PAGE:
In light of the COVID-19 pandemic, here are some tips on how to cope with uncertainty and loneliness during the national lockdown…
“While COVID-19 and the national lockdown threaten the lives and livelihoods of many, it was nonetheless a proud moment when our President took such decisive action on Monday the 23rd of March, less than three weeks after the first case was reported on the 5th of March,” says Dr Dominique Stott, Chief Medical Officer at Liberty.
The government learnt the lessons from our global neighbours and acted swiftly and dramatically to protect the lives of millions of South Africans.
She says that, while we are willingly doing our collective duty to protect one another and defeat this virus, it is important during this time to protect our emotional and mental wellbeing.
Here is her advice for dealing with the anxiety, uncertainty and social isolation associated with the COVID-19 pandemic…
Minimise uncertainty in your personal life
It’s normal to have heightened anxiety during this time. However, for many South Africans who live with anxiety disorders, it’s important to minimise additional uncertainty in our personal lives.
If you have been diagnosed with an anxiety disorder or any other mental illness, it is important to check in with your health providers to understand how they will be making themselves available to you during the coming weeks. They may have home programmes and WhatsApp groups to support patients and help them manage the aspects of these disorders that are exacerbated by isolating, uncertainty and disruption to routine.
Keep in contact to ease feelings of loneliness
We are, by nature, social beings. We need time with others, as well as the physical comfort of a hug, a hand held or a reassuring squeeze of our shoulder. Even those who appreciate more time alone are likely to struggle.
During this time keep regular contact with friends, family members, and co-workers. Speak to them, check in on them and share how you are feeling. Facetime them, set up family video calls, perhaps share a ‘virtual lunch’. Plan to do this and make time to connect beyond social media channels and apps.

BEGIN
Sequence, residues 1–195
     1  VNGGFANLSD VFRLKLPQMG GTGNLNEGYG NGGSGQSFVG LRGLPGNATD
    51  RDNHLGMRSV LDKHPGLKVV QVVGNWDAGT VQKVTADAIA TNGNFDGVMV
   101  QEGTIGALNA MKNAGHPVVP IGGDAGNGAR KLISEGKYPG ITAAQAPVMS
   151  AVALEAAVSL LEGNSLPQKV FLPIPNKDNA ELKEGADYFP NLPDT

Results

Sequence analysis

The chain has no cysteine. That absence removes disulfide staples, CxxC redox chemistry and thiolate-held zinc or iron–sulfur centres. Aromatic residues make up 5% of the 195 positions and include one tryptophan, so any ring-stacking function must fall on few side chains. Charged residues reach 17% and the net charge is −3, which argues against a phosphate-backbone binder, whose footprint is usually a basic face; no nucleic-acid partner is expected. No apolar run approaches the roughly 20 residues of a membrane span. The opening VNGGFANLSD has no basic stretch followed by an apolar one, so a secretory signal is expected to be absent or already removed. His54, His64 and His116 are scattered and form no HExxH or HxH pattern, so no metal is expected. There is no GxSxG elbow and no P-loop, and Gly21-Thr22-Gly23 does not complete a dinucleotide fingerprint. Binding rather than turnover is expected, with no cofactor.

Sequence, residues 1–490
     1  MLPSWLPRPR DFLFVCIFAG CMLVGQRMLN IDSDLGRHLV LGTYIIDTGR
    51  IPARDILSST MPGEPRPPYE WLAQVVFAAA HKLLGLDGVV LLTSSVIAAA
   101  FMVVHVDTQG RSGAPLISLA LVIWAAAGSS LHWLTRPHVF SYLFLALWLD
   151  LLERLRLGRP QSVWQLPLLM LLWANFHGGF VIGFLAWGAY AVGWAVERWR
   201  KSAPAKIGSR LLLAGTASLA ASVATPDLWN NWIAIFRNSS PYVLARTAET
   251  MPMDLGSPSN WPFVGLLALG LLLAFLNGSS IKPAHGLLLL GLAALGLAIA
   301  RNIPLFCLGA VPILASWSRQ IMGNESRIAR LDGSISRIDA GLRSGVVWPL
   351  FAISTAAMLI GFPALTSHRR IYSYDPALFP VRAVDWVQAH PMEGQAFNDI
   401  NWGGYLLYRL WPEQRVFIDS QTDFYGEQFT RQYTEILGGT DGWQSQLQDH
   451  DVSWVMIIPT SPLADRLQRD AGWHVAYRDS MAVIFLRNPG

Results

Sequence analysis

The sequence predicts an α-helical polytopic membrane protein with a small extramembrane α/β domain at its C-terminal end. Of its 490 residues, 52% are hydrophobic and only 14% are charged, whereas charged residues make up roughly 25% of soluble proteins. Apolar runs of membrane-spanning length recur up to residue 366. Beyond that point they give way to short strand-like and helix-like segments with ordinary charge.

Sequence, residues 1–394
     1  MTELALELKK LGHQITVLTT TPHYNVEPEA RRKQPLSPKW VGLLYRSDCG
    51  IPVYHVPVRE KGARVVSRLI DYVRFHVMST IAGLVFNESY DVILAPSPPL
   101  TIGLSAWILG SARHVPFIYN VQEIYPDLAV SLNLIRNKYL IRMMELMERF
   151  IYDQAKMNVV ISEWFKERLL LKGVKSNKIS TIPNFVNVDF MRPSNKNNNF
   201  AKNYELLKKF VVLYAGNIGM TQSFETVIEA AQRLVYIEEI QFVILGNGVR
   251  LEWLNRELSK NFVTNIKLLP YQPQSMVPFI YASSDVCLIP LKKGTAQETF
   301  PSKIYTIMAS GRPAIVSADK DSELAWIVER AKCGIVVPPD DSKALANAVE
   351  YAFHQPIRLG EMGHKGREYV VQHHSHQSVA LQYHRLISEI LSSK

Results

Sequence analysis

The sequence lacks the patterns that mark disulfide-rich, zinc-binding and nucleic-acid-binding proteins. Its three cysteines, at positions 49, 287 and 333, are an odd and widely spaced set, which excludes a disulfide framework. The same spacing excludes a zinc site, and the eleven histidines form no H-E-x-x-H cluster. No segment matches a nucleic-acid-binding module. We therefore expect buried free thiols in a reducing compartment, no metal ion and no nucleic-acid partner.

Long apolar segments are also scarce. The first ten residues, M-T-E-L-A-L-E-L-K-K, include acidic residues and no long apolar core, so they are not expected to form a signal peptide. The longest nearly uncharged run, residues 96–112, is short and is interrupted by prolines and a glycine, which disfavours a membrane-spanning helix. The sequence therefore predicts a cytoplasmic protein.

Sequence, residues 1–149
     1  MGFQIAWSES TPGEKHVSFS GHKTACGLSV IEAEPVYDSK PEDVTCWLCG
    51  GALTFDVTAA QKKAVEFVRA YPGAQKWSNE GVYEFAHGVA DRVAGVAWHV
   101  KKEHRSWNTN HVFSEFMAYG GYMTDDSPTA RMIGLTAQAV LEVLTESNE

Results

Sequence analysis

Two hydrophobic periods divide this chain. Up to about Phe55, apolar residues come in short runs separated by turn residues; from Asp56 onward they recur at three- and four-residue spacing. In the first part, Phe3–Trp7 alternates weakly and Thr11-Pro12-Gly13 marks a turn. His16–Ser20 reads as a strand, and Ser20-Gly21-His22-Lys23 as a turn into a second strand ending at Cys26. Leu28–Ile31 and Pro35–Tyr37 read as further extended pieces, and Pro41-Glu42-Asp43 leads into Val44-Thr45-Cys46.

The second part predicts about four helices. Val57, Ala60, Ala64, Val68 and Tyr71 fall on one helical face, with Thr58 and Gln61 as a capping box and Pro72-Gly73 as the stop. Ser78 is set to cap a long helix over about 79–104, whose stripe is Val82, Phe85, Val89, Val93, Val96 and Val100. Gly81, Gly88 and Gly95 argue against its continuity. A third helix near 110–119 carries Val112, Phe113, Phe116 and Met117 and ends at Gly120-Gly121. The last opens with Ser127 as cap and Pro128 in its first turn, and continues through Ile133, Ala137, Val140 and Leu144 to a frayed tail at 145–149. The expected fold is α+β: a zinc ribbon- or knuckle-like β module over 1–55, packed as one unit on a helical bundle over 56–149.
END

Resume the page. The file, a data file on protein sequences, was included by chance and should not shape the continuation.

Don’t be afraid to let family and friends know what you are going through, ask them for support and call on them if you feel that your anxiety is becoming unmanageable.
Maintain a routine
We are creatures of habit and routines give us comfort and create a sense of security. Balance this with some variety and ensure that you are taking mental breaks if you are working from home.
Routines create a sense of structure and control over our environment, which is important to balance the loss of control over many aspects of our lives during this time.
Avoid additional stress by continuing to manage your finances responsibly
Financial challenges are a reality for many during this time, with many sectors and companies severely challenged by the lockdown.
If you own a small business, investigate how you can participate in the relief options available. If you have been affected by job losses or salary cuts speak to your financial services providers and enter into arrangements with them to maintain your credit rating and ensure that your policies remain active.
Prioritise your financial obligations
During this time it’s critical to maintain your medical scheme contributions, life insurance and income protection and disability premiums.
If this is challenging speak to your financial adviser and understand how you can better structure your portfolio. There may be flexibility on suspending some payments, for a period of time until you recover financially.
Eat well, get some sun and find ways to exercise
Nourishing food, 30 minutes of sunlight a day and keeping hydrated is going to be essential in maintaining our physical and mental wellbeing. Exercise at home where possible, even if it’s through doing routine tasks such as housework or gardening.
Set up regular newsfeeds from reputable sources and balance this with other activities
During this time it will be important to stay informed and aware of news updates.
Choose the channels for this information carefully and defer to organisations such as WHO, NICD and universities who will have properly researched and vetted the information they publish.
Stay socially aware within boundaries
Set up regular updates via social or news feeds and balance this with other activities. While some of the news may be good, we are likely to experience more bad news before the curve of infection begins to flatten.
Maintaining contact with the outside world using only the information on social media and news sites can be dangerous; as it removes the context of reality checks and often distorts our sense of reality, resulting in more anxiety, rather than less.
And finally, laughter may still be one of the best medicines available.
While All4Women endeavours to ensure health articles are based on scientific research, health articles should not be considered as a replacement for professional medical advice. Should you have concerns related to this content, it is advised that you discuss them with your personal healthcare provider.